San Marcos Greenbelt Alliance •  107 E. Hopkins St. Suite 121A; San Marcos, Texas 78666

The Loop


My Getaway: A Conversation with Garrie Borden

In this new feature, SMGA will ask local residents how they use the Natural Areas and what they find most enjoyable about them. This month’s interview is with Garrie Borden, who, with husband Ronnie, is an ardent outdoor enthusiast. The couple moved to San Marcos in 2012 and think the area’s best assets are the river and the trails.

Garrie with Maggie hiking on Dante.

Why do you value the natural areas?

The Japanese have a beautiful way of expressing what I feel when I’m out on the trails; “shinrin yoku,” or bathing in the forest atmosphere, describes connecting to nature through the senses to ease stress and worry, revitalize, and give a sense of comfort.

What is your favorite trail?

I love the Spring Lake Natural Area, not only for the trails, but for the wildlife habitat it provides. My favorite trails, however, that I turn to again and again, are Upper Purgatory, Ringtail Ridge, and Prospect Trails. Upper Purgatory has a trailhead close to town with ample parking and a restroom. The trails here offer many options for solo hiking, cycling, dog walking, group walks, and even handicap access on the wide, well-maintained Styx trail. The single-track Dante and Paraiso Trails wind up and down through shady trees for a true getaway feeling.

Ronnie with Early hiking on Dante.

What recommendations would you give new users of the trail?

One way to hike an approximately 2-mile loop is to leave the parking lot on the wide Styx Trail and hike about a mile to the loop around Grandma’s Oak. Styx is a wide, sunny trail perfect for strollers, small groups and even wheelchairs. After circling Grandma’s Oak (the trail is still wide and level), head back on the main trail to the parking lot. OR, just after the loop rejoins the main trail, look for the Dante Trail sign on the left (West) to return a different way. Enjoy the cool shade of a single-track trail that gives a real sense of miles from nowhere. Look for the Rhino Tree that is marked for your convenience in case you happen to miss the huge branch that forms a well-defined rhinoceros head.  It’s actually easier to see when you turn around at the sign. Dante will run into Styx Trail just before the parking lot.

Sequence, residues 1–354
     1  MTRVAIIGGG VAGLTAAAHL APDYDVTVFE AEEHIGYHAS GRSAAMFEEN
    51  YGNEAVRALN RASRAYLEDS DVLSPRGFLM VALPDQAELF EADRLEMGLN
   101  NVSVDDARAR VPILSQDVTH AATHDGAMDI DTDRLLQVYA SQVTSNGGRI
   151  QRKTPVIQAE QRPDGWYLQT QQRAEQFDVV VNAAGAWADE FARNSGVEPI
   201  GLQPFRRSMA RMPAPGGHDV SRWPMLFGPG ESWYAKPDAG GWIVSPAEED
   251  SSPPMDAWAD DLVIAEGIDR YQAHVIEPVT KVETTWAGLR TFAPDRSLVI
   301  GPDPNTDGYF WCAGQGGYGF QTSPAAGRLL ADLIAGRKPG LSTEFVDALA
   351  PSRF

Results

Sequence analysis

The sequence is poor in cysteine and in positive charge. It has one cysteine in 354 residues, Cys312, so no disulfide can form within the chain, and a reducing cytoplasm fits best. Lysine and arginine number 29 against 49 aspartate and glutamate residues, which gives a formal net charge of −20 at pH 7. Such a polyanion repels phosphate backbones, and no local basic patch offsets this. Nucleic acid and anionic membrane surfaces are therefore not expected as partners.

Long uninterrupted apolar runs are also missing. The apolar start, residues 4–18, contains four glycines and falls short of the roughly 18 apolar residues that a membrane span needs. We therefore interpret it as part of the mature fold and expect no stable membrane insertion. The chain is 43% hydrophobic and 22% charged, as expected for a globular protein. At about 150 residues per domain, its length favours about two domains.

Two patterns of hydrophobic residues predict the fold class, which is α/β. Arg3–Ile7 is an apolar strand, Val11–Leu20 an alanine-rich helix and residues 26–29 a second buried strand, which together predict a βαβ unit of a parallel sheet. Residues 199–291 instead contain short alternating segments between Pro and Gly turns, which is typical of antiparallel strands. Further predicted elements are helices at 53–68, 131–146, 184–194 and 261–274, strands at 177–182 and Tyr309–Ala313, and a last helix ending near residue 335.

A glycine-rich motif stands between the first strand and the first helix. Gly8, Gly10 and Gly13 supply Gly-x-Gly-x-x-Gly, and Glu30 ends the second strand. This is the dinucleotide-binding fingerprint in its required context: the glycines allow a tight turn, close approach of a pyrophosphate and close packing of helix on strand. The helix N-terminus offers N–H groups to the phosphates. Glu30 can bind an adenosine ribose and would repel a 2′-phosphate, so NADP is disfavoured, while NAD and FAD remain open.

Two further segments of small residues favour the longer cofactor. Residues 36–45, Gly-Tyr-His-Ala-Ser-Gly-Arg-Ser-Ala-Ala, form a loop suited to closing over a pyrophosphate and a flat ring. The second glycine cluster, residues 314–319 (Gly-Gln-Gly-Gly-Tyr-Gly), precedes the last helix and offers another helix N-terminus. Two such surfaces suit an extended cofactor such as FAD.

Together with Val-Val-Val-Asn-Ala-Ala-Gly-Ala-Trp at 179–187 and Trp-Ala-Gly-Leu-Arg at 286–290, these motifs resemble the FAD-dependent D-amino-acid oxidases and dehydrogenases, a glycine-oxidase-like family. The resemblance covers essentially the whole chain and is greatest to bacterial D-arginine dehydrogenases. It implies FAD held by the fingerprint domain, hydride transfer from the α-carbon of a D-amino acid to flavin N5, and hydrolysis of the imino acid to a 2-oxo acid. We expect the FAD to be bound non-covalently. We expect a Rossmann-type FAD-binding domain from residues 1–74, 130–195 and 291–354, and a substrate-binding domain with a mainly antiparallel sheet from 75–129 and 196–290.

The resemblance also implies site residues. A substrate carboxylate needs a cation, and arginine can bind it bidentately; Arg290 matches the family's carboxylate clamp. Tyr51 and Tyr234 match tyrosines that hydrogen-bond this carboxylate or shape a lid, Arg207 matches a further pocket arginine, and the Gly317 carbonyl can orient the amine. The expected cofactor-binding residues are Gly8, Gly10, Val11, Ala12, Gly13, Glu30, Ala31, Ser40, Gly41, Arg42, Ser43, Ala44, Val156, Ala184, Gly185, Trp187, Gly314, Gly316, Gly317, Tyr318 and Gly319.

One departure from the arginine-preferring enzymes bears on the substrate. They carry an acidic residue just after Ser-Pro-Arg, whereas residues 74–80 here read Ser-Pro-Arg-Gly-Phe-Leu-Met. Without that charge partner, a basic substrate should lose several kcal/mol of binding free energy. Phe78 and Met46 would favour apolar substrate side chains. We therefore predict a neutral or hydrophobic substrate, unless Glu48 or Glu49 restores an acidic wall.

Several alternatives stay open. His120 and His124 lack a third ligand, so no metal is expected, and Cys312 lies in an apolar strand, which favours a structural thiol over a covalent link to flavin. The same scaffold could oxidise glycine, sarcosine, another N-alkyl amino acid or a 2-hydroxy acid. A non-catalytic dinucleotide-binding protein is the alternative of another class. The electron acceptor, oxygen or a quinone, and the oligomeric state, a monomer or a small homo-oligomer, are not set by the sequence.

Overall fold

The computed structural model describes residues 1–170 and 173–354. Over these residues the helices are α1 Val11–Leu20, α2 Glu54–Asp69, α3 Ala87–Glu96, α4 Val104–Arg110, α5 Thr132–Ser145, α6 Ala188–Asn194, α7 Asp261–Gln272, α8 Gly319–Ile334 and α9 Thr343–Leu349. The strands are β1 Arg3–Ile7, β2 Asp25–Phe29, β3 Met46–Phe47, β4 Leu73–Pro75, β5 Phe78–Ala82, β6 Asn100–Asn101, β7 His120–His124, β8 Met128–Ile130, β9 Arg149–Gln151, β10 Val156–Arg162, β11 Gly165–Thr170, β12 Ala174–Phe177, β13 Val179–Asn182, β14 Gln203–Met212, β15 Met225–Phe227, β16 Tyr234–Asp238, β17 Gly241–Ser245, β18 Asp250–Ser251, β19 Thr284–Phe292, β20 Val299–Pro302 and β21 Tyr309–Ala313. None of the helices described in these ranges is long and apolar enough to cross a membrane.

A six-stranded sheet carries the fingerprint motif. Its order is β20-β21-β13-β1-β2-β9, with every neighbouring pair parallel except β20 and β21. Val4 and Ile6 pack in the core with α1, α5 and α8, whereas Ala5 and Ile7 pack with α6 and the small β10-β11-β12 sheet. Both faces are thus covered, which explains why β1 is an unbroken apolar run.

If you take Dante to the East of the main trail, it will eventually lead to Lower Purgatory with a parking lot off Hunter Road, a more-strenuous one-way hike.  OR you may take the right fork off this portion of the Dante Trail to Paraiso Trail that will lead you on a wide circle back to Grandma’s Oak. This route is about 5 miles total to and from the Upper Purgatory parking lot.

For a great resource, access the online interactive maps on the

What do you most enjoy doing when you visit the Greenbelt? 

I enjoy hiking with my husband, Ronnie, who has volunteered for years maintaining trails with the San Marcos Greenbelt Alliance. We often take our two dogs, Early and Maggie. We enjoy the exercise, and photographic opportunities, but mostly we relish the relaxation that nature provides. Once a week, I get together with my women friends, and we either walk around the San Marcos River or walk the nearby trails. I feel very fortunate to have so many beautiful, well-maintained San Marcos trails to relish with Ronnie, my friends, the dogs, or even all by myself for some quiet time.

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